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Mounsey A, Peacock E, Magnusson L.


Clinical Question: Is intravenous iron infusion superior to oral iron for avoiding blood transfusion in adults with iron deficiency anemia? Evidence-Based Answer: No, intravenous iron administration does not reduce the need for blood transfusion compared with oral iron supplementation. (Strength of Recommendation [SOR]: A, multiple meta-analyses of randomized controlled trials [RCTs].) Compared with oral iron, intravenous iron has no effect on mortality. (SOR: B, multiple meta-analyses of RCTs.) Intravenous iron may increase the risk of infection compared with oral iron. (SOR: B, inconsistent evidence from meta-analyses of RCTs.). Evidence Summary: A 2013 meta-analysis examined 72 RCTs (N = 10,605) comparing the effectiveness of intravenous iron vs. oral iron or no iron at preventing allogenic blood transfusions in anemic patients (hemoglobin [Hb] of 6.0 to 14.5 g per dL [60 to 145 g per L] with ferritin concentrations between 70 and 7,610 ng per mL [70 and 7,610 mcg per L]).1 The participants were from a range of clinical specialties, including nephrology, obstetrics, surgery, oncology, cardiology, and gastroenterology. The most common intravenous preparation used was iron sucrose, 200 mg per dose for three to five doses or until replete. The oral iron preparations were not specified. There was no difference in the need for blood transfusion between intravenous iron and oral iron (14 studies; n = 2,263; relative risk [RR] = 0.82; 95% CI, 0.67 to 1.00). Intravenous iron was associated with an increased risk of infection (12 studies; n = 2,622; RR = 1.63; 95% CI, 1.16 to 2.29). Compared with oral or no iron, intravenous iron had no significant impact on mortality (20 studies; n not given; RR = 1.1; 95% CI, 0.8 to 1.5) or adverse effects (19 studies; n not given; RR = 1.1; 95% CI, 0.9 to 1.2). There was a high risk of bias because most studies were not blinded and study heterogeneity was significant.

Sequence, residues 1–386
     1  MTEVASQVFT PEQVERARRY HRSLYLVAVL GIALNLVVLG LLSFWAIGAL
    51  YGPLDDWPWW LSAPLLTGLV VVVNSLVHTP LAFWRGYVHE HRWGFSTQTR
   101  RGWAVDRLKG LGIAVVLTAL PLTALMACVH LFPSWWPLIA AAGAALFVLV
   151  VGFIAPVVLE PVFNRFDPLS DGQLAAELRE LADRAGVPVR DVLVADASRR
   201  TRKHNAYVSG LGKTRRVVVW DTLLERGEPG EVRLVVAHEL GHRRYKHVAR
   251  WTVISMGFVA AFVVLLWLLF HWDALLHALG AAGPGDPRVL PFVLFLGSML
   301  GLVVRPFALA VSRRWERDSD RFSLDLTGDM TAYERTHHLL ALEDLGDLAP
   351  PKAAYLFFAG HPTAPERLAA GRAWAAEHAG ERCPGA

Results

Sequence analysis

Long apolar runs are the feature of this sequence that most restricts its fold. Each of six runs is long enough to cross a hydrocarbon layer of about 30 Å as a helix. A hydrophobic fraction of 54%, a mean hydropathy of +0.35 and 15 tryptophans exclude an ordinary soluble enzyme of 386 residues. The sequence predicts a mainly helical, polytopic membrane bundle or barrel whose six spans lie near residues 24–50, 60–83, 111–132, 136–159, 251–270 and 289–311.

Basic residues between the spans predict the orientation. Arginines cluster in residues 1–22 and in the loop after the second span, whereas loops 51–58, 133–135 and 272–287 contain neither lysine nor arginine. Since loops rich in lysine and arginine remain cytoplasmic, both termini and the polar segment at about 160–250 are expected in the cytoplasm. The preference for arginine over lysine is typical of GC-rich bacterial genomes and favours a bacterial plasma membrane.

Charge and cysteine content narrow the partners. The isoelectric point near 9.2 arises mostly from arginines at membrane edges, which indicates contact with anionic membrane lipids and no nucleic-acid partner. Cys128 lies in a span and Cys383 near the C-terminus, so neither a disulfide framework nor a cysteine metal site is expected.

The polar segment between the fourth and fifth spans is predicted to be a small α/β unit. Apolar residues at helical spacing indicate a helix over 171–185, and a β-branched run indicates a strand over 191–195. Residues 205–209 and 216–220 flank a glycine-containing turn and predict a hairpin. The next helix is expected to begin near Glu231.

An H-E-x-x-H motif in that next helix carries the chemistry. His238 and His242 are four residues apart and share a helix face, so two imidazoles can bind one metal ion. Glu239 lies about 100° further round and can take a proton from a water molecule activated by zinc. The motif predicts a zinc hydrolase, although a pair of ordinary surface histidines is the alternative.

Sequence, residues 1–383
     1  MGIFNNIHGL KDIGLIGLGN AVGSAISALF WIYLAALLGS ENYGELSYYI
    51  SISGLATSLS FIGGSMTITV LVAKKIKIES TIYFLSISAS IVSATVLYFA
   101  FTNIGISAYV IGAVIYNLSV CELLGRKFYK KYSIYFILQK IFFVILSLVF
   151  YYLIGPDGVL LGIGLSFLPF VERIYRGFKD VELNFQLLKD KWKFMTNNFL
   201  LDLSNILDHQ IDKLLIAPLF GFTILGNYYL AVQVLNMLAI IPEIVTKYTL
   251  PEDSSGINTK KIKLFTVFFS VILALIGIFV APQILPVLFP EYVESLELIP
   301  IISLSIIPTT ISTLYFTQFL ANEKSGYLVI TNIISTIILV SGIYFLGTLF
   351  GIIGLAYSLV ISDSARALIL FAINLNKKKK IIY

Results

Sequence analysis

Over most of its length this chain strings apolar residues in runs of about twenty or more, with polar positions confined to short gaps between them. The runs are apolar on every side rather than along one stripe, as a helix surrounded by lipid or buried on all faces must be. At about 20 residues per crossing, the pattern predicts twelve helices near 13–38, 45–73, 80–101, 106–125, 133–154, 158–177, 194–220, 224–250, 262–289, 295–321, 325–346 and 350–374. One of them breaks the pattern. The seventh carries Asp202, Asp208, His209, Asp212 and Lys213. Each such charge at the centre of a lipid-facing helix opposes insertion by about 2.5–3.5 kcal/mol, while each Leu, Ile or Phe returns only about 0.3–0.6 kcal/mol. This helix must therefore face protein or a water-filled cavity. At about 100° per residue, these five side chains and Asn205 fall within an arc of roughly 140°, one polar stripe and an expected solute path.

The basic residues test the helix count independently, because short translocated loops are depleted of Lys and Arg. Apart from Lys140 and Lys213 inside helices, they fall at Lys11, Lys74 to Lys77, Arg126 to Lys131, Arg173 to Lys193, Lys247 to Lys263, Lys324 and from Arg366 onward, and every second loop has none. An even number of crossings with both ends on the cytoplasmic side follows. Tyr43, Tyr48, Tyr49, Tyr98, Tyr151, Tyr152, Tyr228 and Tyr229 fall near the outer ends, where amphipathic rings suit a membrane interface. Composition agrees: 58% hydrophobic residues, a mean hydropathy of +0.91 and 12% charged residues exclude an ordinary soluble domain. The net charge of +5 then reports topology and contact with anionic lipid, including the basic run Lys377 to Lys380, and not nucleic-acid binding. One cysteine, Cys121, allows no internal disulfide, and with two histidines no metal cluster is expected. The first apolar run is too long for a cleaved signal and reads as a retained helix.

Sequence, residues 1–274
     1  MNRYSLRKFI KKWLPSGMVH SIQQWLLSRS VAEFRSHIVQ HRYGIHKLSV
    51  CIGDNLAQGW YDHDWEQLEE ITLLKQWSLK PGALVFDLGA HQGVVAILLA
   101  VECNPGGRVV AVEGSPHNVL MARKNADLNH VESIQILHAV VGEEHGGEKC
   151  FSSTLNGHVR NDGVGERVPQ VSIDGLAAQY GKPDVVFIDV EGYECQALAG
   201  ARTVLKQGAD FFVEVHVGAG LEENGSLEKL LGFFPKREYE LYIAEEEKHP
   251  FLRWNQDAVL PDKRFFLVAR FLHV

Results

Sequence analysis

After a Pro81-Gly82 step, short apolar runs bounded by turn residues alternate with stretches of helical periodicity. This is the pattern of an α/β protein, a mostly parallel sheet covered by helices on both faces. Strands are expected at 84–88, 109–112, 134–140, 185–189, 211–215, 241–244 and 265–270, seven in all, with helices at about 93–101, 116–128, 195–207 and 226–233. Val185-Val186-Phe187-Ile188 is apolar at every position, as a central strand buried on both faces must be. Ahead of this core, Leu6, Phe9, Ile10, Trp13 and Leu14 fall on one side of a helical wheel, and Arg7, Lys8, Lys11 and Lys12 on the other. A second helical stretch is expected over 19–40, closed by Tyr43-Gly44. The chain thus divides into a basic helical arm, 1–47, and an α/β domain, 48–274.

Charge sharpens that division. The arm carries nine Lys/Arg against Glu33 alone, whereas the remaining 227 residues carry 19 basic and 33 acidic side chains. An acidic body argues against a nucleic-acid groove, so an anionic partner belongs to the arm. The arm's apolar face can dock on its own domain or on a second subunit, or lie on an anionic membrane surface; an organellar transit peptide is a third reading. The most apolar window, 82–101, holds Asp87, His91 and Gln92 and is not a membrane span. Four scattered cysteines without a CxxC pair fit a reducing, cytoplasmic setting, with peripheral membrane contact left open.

Mounsey A, Peacock E, Magnusson L.

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